Microsoft’s Supply Chain Platform Goes Live, Joining a Competitive Market of Solutions Seeking to Tackle Supply Chain Fragmentation

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By Ryan Wiggin | 4Q 2022 | IN-6757

Microsoft’s Supply Chain Platform adds a big name to the supply chain control tower market, offering a low-code, adaptable solution to end users. Regulation and deeper analytics will be key drivers to the platform’s adoption, but vendors of such solutions need to ensure they are accessible and scalable to individual company requirements.

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Driven by a Strong Partner Ecosystem


On Monday, November 21st, Microsoft announced their Supply Chain Platform, an offering that looks to harmonize data and organizations from across the supply chain into a single control tower application. The platform combines the use of Microsoft Azure, Dynamics 365, the Power Platform, and Microsoft Teams, leveraging the Microsoft Cloud to create one place for customers to manage their supply chain. As part of this announcement, the company have also previewed the Microsoft Supply Chain Center, defined as a single ‘command center’ that helps connect data from existing Enterprise Resource Planning (ERP) and third-party supply chain management solutions, such as Oracle and SAP. Existing customers of the Dynamics 365 Supply Chain Management solution will gain automatic access to the Center as part of their current arrangements.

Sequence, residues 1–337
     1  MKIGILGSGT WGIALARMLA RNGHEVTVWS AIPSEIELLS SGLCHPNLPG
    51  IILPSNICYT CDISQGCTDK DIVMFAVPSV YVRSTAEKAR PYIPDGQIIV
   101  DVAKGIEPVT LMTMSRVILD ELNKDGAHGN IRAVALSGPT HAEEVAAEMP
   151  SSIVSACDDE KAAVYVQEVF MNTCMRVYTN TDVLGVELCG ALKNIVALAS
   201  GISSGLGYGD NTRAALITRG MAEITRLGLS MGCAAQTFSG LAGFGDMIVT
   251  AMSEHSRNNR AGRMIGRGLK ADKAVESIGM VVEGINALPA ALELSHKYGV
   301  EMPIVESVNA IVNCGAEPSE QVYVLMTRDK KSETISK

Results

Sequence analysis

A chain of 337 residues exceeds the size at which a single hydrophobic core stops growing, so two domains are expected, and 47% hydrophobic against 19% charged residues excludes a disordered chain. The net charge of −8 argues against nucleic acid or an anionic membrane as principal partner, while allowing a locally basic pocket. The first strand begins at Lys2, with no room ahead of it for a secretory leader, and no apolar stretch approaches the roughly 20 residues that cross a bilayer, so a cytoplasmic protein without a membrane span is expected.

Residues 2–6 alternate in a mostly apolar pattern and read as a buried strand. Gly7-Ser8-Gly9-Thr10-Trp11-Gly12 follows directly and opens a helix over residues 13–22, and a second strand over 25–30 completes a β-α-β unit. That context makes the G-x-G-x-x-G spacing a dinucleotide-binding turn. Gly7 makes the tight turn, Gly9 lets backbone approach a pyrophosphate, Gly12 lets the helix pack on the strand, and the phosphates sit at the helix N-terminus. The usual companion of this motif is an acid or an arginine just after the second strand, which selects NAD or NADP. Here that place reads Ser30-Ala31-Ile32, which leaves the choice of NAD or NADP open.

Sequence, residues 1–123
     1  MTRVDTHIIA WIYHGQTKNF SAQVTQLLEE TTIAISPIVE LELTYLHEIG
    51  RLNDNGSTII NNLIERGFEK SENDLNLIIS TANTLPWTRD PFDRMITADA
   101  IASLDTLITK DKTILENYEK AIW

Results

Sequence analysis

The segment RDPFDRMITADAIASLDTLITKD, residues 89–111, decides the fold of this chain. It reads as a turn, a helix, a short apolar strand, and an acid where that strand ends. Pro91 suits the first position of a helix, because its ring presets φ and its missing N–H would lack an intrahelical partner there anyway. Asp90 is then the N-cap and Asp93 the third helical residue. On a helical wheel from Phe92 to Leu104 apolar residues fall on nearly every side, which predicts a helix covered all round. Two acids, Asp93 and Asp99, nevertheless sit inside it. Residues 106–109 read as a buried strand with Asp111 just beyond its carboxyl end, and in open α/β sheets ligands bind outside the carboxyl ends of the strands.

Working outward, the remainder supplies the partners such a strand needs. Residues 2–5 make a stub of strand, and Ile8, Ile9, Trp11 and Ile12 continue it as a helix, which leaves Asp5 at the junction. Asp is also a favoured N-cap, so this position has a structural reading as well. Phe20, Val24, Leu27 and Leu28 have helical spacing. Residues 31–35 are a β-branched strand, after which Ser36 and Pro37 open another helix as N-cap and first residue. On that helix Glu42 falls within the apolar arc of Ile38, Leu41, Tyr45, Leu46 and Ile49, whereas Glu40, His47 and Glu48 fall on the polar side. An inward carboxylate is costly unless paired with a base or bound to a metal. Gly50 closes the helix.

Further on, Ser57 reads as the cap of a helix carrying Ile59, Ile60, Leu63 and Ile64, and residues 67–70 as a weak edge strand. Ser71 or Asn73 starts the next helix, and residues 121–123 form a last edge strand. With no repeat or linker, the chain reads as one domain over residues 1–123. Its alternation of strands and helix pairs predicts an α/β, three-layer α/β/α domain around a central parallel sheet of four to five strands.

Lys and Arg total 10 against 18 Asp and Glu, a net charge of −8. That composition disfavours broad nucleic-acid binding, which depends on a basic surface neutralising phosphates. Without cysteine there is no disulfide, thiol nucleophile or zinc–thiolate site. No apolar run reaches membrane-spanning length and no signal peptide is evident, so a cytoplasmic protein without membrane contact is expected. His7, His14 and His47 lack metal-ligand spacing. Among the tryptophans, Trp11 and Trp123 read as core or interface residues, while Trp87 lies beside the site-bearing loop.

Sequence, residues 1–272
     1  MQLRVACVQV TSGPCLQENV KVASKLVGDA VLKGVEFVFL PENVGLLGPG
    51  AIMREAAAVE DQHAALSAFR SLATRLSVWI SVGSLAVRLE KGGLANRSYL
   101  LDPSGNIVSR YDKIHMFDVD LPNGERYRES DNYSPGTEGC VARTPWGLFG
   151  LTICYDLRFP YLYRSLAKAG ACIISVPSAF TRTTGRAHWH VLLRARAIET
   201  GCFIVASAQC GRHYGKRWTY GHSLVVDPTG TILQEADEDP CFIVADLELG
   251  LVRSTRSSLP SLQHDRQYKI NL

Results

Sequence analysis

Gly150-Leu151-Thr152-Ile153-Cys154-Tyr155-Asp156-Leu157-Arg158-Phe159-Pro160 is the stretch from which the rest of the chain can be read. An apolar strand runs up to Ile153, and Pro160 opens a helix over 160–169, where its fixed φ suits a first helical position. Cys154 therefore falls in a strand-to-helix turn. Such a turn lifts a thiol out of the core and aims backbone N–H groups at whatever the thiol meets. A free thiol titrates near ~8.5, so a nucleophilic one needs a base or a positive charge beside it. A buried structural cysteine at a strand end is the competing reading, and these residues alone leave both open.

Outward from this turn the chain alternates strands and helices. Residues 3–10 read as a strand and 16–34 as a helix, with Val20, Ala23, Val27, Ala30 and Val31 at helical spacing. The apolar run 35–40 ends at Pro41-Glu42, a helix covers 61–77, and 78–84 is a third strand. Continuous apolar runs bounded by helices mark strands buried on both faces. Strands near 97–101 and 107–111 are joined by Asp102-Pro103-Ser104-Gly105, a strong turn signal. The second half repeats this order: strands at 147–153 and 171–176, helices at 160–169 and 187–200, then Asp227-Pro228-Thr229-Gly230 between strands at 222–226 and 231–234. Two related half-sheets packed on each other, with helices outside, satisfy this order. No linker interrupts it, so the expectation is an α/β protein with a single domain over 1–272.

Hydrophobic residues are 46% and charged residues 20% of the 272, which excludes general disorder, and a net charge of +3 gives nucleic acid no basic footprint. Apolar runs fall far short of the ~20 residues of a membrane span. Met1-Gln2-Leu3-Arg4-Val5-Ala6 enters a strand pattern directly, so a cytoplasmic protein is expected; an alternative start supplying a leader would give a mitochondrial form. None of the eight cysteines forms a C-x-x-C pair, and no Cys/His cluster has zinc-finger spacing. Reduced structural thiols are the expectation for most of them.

Underpinning the platform, a network of Microsoft partners including Accenture, Avanade, EY, KPMG, PwC, and TCS are acting as advisors and implementors, and to help customers find the right applications for their needs, the platform connects seamlessly into solutions from the likes of Blue Yonder, Experlogix, InVia Robotics, K3, SAS, and Sonata Software. With launch partners including C.H. Robinson, FedEx, FourKites, and Overhaul as well as successful early-stage rollouts to preview customers including Kraft-Heinz, iFit, and Daimler Trucks, the platform is well positioned to hit the ground running in the competitive market.